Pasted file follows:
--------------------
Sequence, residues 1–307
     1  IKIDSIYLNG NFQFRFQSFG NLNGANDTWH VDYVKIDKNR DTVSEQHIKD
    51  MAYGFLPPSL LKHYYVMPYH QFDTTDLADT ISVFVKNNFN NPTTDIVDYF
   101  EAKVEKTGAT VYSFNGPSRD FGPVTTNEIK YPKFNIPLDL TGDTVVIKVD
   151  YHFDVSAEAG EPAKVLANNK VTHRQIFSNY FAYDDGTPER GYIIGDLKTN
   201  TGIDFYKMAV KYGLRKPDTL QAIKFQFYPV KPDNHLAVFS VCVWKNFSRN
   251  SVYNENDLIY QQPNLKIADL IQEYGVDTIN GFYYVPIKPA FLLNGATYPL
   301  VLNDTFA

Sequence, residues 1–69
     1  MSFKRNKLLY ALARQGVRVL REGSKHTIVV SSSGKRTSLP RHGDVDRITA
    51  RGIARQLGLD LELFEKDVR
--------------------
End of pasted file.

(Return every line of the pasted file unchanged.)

Sequence, residues 1–307
     1  IKIDSIYLNG NFQFRFQSFG NLNGANDTWH VDYVKIDKNR DTVSEQHIKD
    51  MAYGFLPPSL LKHYYVMPYH QFDTTDLADT ISVFVKNNFN NPTTDIVDYF
   101  EAKVEKTGAT VYSFNGPSRD FGPVTTNEIK YPKFNIPLDL TGDTVVIKVD
   151  YHFDVSAEAG EPAKVLANNK VTHRQIFSNY FAYDDGTPER GYIIGDLKTN
   201  TGIDFYKMAV KYGLRKPDTL QAIKFQFYPV KPDNHLAVFS VCVWKNFSRN
   251  SVYNENDLIY QQPNLKIADL IQEYGVDTIN GFYYVPIKPA FLLNGATYPL
   301  VLNDTFA

Sequence, residues 1–69
     1  MSFKRNKLLY ALARQGVRVL REGSKHTIVV SSSGKRTSLP RHGDVDRITA
    51  RGIARQLGLD LELFEKDVR